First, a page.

Long and Short Reviews welcomes Dr. Gabriel Constans, whose latest book The Last Conception has recently been released. In some respects, <i>The Last Conception</i> is a sequel to his previous novel Buddha’s Wife, yet set in a contemporary setting.
“Perhaps the great spiritual teacher referred to in The Last Conception is related to Yasodhara and Siddhartha,” he said. “And then…”
Currently he’s working on the screenplay for The Last Conception and presently has two producers reading the script.
“Keep your fingers and other body parts crossed,” he told me.”
He’s been writing since he was 16, when he started an alternative newspaper at high school. He also started writing short stories at that time and learning how to write. However, it wasn’t until he was in his early thirties that he first considered or saw himself as a writer.
” That was when I was encouraged to start sending my work in for publication and some of it was actually published,” he explained. “Now, almost everything I write has been or is about to be, published (and paid for).”
He has written fourteen books and told me that his latest books are always his favorite. These include The Last Conception and another collection of satirical short stories called Zen Master Tova Tarantino Toshiba: The Illustrious and Delusional Abbess of Satire.
For short stories, he lets the characters and plot develop as he write and where they lead me.
“My novel, Buddha’s Wife, was one of the few that I outlined and flushed out the characters in detail before beginning to write,” he explained. “The Last Conception, on the other hand (or foot or arm), was written with some basic themes in mind, but like my short stories, the characters told me who they were and what would happen as I was writing.”
I asked him what elements he considered necessary in a good read.
“A story that grabs you with the first few pages and will not let go. A story that takes you somewhere you’d never imagined or puts you in touch with feelings and ideas that had never occurred to you, until you read the words in the story you are reading. Good writing makes you feel and think, and in some cases, act.”
Books that have influenced his own writing include Bell Hooks’ Communion, as well as the writing of Toni Morrison, Alice Walker, James Baldwin, Isabelle Allende, Wallace Stegner, Ruth Ozeki, Marcy Alancraig, Pat Conroy and Deena Metzger.
“What are you currently reading?” I wondered.
“I was given a book by my sister called Palimpsest by Catherynne M. Valente. She said it was fantastic. It’s not a genre I usually read (sci-fi/fantasy/futuristic), but it has my attention, even though I’ve only read the first chapter. When that’s done I’m going to delve into Maeve Binchy’s last work before she died (A Week in Winter) and after that read my friend Lisa Jensen’s take on Peter Pan and Neverland in her novel Alias Hook.”
It’s nearly impossible for him, though, to pick one favorite author.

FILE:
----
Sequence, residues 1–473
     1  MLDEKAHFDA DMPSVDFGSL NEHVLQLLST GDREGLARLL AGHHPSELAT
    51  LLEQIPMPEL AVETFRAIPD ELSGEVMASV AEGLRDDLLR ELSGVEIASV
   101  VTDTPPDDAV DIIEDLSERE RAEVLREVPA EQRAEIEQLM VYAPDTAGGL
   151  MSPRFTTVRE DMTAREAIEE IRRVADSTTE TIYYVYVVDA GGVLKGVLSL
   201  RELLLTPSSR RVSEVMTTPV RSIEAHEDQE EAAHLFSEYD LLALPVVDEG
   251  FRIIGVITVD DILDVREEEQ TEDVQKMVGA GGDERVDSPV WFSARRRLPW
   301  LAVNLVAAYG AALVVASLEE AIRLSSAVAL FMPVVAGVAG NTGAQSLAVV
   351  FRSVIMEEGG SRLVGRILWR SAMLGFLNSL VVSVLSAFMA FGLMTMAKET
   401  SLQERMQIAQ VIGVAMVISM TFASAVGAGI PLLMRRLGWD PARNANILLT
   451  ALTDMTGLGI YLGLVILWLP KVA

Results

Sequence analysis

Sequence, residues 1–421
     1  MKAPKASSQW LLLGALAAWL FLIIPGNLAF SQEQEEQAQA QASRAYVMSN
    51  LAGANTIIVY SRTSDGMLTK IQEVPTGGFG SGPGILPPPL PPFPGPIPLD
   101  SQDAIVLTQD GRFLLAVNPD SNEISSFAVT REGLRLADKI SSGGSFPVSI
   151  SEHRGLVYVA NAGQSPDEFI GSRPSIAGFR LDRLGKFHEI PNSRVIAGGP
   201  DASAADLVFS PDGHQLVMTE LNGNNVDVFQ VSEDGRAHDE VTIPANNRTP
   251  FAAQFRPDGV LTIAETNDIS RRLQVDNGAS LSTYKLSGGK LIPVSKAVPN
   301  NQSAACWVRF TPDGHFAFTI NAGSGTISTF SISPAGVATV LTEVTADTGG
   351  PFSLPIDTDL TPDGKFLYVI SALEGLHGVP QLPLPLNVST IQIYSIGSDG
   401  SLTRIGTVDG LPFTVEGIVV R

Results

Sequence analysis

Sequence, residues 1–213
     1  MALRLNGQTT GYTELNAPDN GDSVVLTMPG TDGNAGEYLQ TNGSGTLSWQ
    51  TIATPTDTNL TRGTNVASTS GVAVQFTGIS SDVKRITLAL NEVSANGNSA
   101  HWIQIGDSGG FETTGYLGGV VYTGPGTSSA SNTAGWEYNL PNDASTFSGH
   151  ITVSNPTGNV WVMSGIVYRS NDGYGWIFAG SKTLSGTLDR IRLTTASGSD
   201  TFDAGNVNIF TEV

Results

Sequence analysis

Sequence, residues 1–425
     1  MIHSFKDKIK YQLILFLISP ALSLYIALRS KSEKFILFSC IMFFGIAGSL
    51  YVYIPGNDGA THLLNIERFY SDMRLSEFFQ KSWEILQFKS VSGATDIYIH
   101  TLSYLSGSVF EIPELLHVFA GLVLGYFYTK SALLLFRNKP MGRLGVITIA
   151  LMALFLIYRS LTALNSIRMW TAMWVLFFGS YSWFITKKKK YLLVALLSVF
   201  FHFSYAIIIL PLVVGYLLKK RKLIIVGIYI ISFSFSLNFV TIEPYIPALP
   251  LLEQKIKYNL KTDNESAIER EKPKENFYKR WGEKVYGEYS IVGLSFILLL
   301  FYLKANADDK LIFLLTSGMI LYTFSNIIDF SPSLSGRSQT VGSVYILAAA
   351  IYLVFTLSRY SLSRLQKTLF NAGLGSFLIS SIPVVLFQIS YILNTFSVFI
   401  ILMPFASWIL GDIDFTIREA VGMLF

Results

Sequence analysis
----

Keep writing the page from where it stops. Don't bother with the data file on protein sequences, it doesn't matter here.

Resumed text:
“There are so many different styles, nuances and stories,” he said. “If it was a matter of life and death and I had to pick one, it would be (at least for that moment) Zora Neale Hurston.”
Gabriel loves coming up with titles–he’s even titles other people’s stories and books as well as his own.
“Having a good sense of the story, and trying to capture it in a few words is quite an art,” he told me. “I want to make sure it is something that hasn’t been used before, realistically portrays the story and grabs readers’ attention. I write down every word combination or word, that conveys the story and then go over them again and again, until one stands out more than the rest.”
Finally, I asked him about his most interesting writer’s quirk.
“Everything in the house has to be in order before I write. That means, the dishes have to be done, clutter picked up and put away, the plants watered, the floor vacuumed, and anything else that I deem necessary, so I will not be thinking about or seeing them while I’m writing.”
About the Author:Gabriel Constans has 13 books published in North America and has written for magazines, newspapers, websites and journals in the United States, Europe, Africa and Asia. He works as a freelance journalist, editor and writer. Dr. Constans also provides counseling for trauma survivor’s and those who have experienced death, loss and/or human rights abuses. He is an advisor to the Rwandan Orphan’s Project and is a board member for the Ihangane Project (in Rwanda).
Passionate embryologist, Savarna Sikand, is in a complicated relationship, with two different women, when she is told that she MUST have a baby. Her conservative East Indian American parents are desperate for her to conceive, in spite of her “not being married”. They insist that she is the last in line of a great spiritual lineage. In the process of choosing her lover and having doubts about her ability, or desire to conceive, Savarna begins to question the necessity of biology and lineage within her parents’ beliefs and becomes forever fascinated with the process of conception and the definition of family. Threads of Dan Brown (DaVinci Code), Chitra Banerjee Divakaruni (Sister of My Heart) and the film The Kids Are All Right, are tied together in this colorful tale of awakening, romance and mystery.